After a 40-year decline, the marriage rate has remained stable since 2010

BGSU’s Guzzo an author on report in Marriage Strengthening Research and Dissemination Center

The U.S. marriage rate has been stable since 2010 after declining nearly 60 percent from 1970 to 2010, according to a new report from the Marriage Strengthening Research and Dissemination Center (MAST Center). Trends in Relationship Formation and Stability in the United States provides a review of recent research on trends in marriage, cohabitation and divorce for heterosexual couples, and offers important implications for future research and for relationship education efforts, including federally funded healthy marriage and Guzzorelationship education programs.

From 1970 to 2010, the marriage rate steadily declined from 76.5 to 31.9 marriages per 1,000 unmarried women age 15 and older. Since 2010, the marriage rate has remained stable, and in 2017, marriage ticked up slightly, with 32.2 marriages for every 1,000 unmarried women. Another significant change in marriage trends that contributed to the declines in the marriage rate over time is that men and women today are delaying marriage until they’re older. The median age of marriage in 2018 was 29.8 years for men and 27.8 years for women, compared to 23.2 years for men and 20.8 years for women in 1970.

“What’s interesting is that many young adults say that they would prioritize being married even more so than being a parent or having a career,” said Dr. Karen Benjamin Guzzo, Bowling Green State University professor of sociology and an author of the brief. “Yet we know that men and women are waiting longer to get married than in the past, sometimes after establishing careers or having children."

While the marriage rate has declined, the percentage of adults who have ever cohabited — lived in the same household with a romantic partner while unmarried — has nearly doubled in recent decades. Research finds that couples are maintaining cohabiting unions longer. 42 percent of women who were cohabiting in the mid- to late-1980s married their first cohabiting partner within five years of moving in together, compared to only 22 percent of women who lived with a partner at some point from 2006 to 2013. At the same time, the share of cohabitations ending in a separation has remained essentially unchanged.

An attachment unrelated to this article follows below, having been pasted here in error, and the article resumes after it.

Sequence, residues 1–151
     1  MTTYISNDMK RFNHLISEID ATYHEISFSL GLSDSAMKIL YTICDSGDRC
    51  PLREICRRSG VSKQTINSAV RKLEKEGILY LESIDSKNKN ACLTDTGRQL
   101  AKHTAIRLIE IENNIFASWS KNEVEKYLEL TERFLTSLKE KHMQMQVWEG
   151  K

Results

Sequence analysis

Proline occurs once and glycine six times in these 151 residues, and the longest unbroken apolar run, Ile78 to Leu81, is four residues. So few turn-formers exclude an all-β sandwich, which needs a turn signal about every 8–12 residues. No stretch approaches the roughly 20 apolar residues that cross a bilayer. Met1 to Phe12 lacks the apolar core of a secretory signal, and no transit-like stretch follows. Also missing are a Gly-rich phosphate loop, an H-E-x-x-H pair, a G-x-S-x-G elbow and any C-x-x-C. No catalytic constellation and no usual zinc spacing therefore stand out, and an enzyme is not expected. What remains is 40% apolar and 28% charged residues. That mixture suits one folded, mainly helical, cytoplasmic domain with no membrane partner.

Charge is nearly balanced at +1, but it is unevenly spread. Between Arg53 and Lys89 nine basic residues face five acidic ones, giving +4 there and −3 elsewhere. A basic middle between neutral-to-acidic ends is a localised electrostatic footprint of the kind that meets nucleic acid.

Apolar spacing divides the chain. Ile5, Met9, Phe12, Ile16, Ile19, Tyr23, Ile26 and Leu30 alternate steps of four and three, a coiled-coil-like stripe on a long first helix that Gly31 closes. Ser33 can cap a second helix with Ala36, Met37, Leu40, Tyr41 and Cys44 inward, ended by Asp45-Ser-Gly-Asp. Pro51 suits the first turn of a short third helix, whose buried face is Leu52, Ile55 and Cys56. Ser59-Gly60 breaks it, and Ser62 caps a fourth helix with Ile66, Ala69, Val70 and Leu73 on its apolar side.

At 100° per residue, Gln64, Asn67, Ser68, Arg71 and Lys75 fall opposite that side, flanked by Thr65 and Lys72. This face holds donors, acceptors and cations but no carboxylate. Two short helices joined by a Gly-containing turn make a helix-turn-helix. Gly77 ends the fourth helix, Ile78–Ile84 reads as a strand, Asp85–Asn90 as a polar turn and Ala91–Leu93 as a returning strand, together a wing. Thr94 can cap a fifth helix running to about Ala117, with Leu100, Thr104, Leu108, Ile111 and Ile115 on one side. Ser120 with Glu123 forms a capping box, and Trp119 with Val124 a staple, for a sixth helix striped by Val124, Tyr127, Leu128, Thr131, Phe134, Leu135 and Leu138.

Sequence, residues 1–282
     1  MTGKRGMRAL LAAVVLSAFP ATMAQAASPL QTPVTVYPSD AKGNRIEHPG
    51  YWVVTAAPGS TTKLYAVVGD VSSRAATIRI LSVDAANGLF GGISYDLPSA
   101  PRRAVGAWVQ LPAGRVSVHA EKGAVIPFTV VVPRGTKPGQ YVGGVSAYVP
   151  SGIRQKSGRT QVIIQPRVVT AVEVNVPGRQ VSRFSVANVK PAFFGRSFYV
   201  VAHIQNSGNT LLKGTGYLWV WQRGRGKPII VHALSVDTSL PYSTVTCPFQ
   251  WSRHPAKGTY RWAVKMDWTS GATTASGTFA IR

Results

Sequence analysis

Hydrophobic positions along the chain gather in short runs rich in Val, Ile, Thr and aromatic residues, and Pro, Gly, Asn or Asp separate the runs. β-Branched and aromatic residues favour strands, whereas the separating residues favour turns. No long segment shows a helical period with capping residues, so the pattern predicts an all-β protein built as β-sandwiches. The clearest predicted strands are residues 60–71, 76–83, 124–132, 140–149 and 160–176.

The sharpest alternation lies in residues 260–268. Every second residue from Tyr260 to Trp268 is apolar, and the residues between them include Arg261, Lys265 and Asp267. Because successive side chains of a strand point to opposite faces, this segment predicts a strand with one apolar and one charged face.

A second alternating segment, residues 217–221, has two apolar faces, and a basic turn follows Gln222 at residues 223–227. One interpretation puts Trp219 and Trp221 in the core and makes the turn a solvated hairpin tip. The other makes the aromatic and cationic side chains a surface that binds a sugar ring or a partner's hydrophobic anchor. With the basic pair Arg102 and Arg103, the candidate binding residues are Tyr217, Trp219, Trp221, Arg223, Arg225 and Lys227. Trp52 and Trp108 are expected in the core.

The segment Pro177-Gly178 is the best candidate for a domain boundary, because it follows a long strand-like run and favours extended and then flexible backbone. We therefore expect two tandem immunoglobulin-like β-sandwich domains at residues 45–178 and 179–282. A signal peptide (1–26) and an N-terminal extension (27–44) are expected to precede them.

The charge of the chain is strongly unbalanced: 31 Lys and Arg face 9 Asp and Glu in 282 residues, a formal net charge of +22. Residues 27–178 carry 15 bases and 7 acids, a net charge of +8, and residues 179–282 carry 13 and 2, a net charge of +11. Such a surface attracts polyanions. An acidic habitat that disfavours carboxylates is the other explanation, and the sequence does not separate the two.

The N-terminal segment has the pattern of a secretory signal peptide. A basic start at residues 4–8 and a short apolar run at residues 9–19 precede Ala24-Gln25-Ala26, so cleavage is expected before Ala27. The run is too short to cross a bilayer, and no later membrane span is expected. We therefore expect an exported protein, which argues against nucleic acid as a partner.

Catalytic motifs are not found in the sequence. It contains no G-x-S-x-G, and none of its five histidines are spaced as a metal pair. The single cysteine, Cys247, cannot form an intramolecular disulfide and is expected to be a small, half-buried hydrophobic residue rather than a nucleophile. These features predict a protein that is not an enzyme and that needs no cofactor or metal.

For those who do marry, the overall divorce rate has declined slightly in recent decades and is currently lower than it has been in nearly 50 years. However, trends in divorce rates vary by age: Among younger people, divorce is dropping steeply, but among older people it is increasing.

“The vast body of research we reviewed makes it clear that how, when, and why people form romantic unions has changed substantially in recent decades. However, our review also revealed a clear gap in research that can help us understand why this is,” said Dr. Mindy Scott, principal investigator of the MAST Center. “Our center hopes to address these gaps in the coming years in ways that will help prepare marriage and relationship programs to work with couples who have a wide range of relationships.”

The Marriage Strengthening Research and Dissemination Center (MAST Center) conducts research on marriage and romantic relationships in the U.S. and healthy marriage and relationship education (HMRE) programs designed to strengthen these relationships. The MAST Center is made up of a team of national experts in marriage and relationship research and practice, led by Child Trends in partnership with Public Strategies and the National Center for Family and Marriage Research at Bowling Green State University.